There is much ado about transparency in South Portland as Brad Fox can attest to. What happens when the shoe is on the other foot?
The Traffic and Parking Committee established by the City Council in August of 2014 was tasked with making recommendations addressing the increased traffic on Knightville residential streets currently being used as a cut through for traffic and parking by employees on said residential streets. Jon Jennings, then assistant city manager, was given the task of leading this committee.
In order to gather information, a resident (member of the committee), in the fall of 2014 sent out letters to businesses and residents asking if they would like Ocean Street to be reestablished as a two-way. There were 12 business and 49 resident responses all in favor of the two-way. These letters were addressed to the city clerk who then dispersed them to the City Council and city staff. The Traffic and Parking Committee was never informed of these responses. Only after a member of this committee requested the information under the Freedom of Information Act in November of 2015 did these letters come to light.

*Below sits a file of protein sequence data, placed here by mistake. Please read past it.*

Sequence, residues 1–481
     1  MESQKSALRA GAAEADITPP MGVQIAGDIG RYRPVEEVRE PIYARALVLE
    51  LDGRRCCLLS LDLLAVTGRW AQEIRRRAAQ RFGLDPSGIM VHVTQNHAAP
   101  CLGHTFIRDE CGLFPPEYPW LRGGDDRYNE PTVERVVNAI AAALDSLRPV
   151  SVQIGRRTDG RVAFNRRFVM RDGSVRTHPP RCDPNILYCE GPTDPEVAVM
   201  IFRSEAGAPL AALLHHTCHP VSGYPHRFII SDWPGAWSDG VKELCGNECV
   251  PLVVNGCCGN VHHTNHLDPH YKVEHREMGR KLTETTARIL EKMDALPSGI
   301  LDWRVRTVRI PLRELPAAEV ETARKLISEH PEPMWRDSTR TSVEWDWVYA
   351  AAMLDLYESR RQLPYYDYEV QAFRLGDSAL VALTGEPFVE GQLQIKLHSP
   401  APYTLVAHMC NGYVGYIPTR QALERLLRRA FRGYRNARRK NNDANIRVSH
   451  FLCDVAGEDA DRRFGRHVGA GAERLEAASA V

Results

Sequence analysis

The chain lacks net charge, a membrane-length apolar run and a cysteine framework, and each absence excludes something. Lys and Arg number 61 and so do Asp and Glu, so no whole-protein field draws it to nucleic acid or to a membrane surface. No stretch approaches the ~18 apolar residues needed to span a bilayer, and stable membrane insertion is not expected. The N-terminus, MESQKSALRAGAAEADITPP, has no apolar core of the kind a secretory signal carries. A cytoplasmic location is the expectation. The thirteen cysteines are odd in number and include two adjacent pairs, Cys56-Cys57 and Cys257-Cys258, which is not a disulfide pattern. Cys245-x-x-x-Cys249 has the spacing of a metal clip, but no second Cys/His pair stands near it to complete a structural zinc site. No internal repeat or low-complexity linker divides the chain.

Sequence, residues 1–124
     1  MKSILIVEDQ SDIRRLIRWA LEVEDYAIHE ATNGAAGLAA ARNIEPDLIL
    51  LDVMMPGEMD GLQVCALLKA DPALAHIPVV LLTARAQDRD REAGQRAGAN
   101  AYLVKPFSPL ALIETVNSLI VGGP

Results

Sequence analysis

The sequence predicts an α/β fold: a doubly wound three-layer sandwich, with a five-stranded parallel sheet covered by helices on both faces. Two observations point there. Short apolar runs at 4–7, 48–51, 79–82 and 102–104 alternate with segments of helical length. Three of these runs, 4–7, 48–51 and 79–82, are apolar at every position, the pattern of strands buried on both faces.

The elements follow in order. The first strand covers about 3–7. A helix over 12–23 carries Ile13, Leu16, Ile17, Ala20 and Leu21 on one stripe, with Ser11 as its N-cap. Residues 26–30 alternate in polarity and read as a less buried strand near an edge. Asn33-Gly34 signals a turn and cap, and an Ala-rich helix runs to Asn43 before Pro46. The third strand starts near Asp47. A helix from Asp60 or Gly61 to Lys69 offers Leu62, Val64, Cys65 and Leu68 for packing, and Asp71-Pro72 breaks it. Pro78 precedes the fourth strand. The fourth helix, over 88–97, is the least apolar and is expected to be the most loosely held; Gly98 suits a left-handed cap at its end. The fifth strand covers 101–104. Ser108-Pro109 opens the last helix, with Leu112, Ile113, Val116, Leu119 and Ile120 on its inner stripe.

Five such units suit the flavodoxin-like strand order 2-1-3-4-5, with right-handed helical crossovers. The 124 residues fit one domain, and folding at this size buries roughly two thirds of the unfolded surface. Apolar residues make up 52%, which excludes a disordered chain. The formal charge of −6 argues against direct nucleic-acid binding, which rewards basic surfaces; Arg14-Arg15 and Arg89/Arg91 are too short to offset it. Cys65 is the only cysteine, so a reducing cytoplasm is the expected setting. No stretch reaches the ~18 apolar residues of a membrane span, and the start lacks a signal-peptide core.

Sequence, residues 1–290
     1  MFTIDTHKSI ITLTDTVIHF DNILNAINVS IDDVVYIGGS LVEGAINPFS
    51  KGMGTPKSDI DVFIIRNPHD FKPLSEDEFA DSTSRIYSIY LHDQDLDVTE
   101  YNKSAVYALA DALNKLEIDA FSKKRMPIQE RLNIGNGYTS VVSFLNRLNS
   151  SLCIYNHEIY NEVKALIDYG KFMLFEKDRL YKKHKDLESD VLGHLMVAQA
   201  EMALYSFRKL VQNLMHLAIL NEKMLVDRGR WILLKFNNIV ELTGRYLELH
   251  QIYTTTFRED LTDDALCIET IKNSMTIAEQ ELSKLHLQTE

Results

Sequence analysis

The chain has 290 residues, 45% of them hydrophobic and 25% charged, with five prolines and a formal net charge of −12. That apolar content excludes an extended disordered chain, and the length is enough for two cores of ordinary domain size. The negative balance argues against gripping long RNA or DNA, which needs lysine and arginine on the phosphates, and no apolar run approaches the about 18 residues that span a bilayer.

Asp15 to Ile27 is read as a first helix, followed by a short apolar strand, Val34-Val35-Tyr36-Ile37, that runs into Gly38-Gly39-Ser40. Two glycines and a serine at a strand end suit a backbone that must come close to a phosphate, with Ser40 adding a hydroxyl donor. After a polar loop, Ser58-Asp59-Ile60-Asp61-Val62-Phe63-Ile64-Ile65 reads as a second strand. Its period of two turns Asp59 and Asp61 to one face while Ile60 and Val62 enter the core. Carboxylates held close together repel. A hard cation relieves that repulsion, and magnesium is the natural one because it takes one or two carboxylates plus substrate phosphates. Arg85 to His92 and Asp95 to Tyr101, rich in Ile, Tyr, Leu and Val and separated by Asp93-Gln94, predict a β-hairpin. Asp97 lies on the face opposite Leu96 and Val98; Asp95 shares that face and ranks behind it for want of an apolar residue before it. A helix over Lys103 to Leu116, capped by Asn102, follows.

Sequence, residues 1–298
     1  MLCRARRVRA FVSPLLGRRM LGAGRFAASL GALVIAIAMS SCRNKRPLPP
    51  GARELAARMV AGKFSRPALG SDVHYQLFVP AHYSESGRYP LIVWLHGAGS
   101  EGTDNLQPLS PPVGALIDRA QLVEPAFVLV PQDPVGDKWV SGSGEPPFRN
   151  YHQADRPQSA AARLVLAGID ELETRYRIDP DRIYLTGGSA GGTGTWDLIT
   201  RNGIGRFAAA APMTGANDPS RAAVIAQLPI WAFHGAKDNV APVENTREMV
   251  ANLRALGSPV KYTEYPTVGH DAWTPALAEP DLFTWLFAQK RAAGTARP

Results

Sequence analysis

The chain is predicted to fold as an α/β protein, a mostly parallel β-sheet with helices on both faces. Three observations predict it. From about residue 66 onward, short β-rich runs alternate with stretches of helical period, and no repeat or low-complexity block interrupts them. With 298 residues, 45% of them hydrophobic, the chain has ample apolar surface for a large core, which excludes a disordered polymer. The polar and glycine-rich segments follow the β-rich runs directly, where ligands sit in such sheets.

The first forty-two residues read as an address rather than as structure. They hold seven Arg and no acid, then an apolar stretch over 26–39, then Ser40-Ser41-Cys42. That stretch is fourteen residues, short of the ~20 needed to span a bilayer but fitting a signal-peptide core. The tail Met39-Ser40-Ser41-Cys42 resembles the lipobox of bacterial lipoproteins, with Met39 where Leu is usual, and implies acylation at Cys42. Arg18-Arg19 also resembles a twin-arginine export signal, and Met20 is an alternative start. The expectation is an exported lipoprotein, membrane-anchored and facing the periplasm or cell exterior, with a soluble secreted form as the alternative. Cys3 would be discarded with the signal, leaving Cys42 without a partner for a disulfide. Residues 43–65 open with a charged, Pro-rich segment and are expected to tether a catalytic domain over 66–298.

So the question remains, how can a committee established by the City Council do the job tasked unless all relevant information be given including Knightville community correspondence? Whose decision was it to withhold this pertinent data? We in Knightville are being told that the one-way on Ocean is working. What about the 12 businesses and 49 residents who say they would like the two-way re-established on Ocean Street. Don’t their voices and objection to the one-way on Ocean Street count? In withholding this information from the Traffic and Parking Committee, my only conclusion would be, apparently not. Which begs the question, why not?